PHYLONOME An Arkadian (southern Greece) princess loved by Ares. She bore him twin sons Lykastos and Parrhasios.

PROTOGENEIA A princess of Aitolia (central Greece) loved by Ares. She bore him a son Oxylos. [see Family]

PYRENE A woman of Makedonia (northernGreece) loved by Ares. According to some she bore him a son Kyknos. She was probably the same as Kyrene, mother of Diomedes. [see Family]


Seneca, Phaedra 185 ff (trans. Miller) (Roman tragedy C1st A.D.) :
"This winged god [Eros] rules ruthlessly throughout the earth and inflames Jove [Zeus] himself, wounded with unquenched fires. Gradivus [Ares], the warrior god, has felt those flames; that god [Hephaistos] has felt them who fashions the three-forked thunderbolts."


Aphrodite, Ares, infants Eros and Phobos | Greco-Roman fresco from Pompeii C1st A.D. | Naples National Archaeological Museum
Aphrodite, Ares, infants Eros and Phobos, Greco-Roman fresco from Pompeii C1st A.D., Naples National Archaeological Museum

LOCALE : Mt Olympos (Home of the Gods)


The Anacreontea, Fragment 28 (trans. Campbell, Vol. Greek Lyric II) (C5th B.C.) :
"One day Ares came in from the battlefield brandishing a strong spear and began to make fun of Eros' weapon. Eros said ‘This one is heavy : try it and you will see.’ Ares took the javelin, while Kypris [Aphrodite] smiled quietly; and with a groan he said, ‘It is heavy : take it back.’ ‘Keep it,’ said Eros [and so presumably bound Ares and Aphrodite in love.]."


The story of the Marriage of Hephaistos and Aphrodite can be reconstructed from text fragments and ancient Greek vase paintings :
Hephaistos had been cast from heaven by his mother Hera at birth, for she was ashamed at bearing a crippled son. He was rescued by Thetis and Eurynome and raised in a cave on the shores of the River Okeanos where he became a skilled smith. Angry at his mother's treatment, Hephaistos sent various gifts to Olympos including a Golden Throne for Hera. When the goddess sat upon this cursed throne she was bound fast.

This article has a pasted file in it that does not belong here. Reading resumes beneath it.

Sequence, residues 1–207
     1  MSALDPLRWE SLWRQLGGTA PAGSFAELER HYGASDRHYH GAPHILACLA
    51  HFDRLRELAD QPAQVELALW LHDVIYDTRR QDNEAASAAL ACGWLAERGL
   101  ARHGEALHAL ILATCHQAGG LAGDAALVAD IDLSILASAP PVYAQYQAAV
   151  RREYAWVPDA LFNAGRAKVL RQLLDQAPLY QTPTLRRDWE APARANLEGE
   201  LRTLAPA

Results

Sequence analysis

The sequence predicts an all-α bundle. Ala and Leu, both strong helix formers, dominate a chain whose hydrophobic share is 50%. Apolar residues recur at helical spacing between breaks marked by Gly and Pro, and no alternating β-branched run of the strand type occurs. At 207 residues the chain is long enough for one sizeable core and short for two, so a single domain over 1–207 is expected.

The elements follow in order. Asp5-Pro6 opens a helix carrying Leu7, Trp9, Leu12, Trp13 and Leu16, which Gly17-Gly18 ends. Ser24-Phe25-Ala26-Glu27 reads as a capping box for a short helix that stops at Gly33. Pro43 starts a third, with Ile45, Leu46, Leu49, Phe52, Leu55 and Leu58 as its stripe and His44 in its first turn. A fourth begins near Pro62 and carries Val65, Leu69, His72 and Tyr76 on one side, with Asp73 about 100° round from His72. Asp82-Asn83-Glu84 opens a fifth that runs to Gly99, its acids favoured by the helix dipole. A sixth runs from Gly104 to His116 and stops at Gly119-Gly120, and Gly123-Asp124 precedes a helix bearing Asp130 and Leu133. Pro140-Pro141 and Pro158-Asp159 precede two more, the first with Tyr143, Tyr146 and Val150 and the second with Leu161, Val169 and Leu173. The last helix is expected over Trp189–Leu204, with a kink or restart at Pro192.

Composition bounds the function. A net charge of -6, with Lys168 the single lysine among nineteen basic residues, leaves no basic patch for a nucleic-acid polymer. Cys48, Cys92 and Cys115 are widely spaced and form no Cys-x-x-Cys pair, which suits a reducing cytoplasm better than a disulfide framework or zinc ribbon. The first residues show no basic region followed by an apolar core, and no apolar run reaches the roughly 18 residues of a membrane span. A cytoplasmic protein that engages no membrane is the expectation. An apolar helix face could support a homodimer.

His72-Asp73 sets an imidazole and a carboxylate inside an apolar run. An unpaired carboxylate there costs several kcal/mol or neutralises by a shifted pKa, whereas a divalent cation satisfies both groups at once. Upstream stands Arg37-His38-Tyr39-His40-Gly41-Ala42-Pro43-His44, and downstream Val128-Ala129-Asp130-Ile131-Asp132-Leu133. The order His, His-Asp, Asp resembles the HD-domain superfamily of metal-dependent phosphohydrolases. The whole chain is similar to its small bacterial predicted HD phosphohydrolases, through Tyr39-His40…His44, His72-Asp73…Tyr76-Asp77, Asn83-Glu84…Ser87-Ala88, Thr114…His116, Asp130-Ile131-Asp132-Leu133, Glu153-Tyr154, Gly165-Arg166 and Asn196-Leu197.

Zeus sought the assistance of the gods in the freeing his Queen and offered the goddess Aphrodite in marriage to the god who could bring Hephaistos to Olympos. Aphrodite agreed to the arrangment in the belief that her beloved Ares would prevail.
Ares stormed the forge of Hephaistos, bearing arms, but was driven back by the Divine Smith with showers of flaming metal.
Dionysos next approached the god, and suggested that he might claim Aphrodite for himself if he were to release his mother willingly. Hephaistos was pleased with the plan and ascended to Heaven with Dionysos, released his mother and wed the reluctant Love-Goddess.
Image K9.4 of an archaic vase (see below) depicts the god sitting dejected as Hephaistos returns to Olympos to claim Aphrodite as his bride. The goddess herself stands apart beside the palace entrance.

Pausanias, Description of Greece 1. 20. 3 (trans. Jones) (Greek travelogue C2nd A.D.) :
"There are paintings here [in the temple of Dionysos at Athens]--Dionysos bringing Hephaistos up to heaven. One of the Greek legends is that Hephaistos, when he was born, was thrown down by Hera. In revenge he sent as a gift a golden chair with invisible fetters. When Hera sat down she was held fast, and Hephaistos refused to listen to any other of the gods [including Ares] save Dionysos--in him he reposed the fullest trust--and after making him drunk Dionysos brought him to heaven."

Suidas s.v. Deimos (trans. Suda On Line) (Byzantine Greek lexicon C10th A.D.) :
"Deimos (Fear) : [Deimos (Fear)] and Phobos (Fright) and Kydoimos (Din of War), attendants of Ares, the sons of war; they too experienced what Ares did, after Hephaistos had not been frightened by them." [N.B. When Ares tried to fetch Hephaistos to Olympos to release Hera from the throne, the prize for this labour being the hand of Aphrodite in marriage, which Hephaistos claimed for himself.]


Homer, Odyssey 8. 267 ff (trans. Shewring) (Greek epic C8th B.C.) :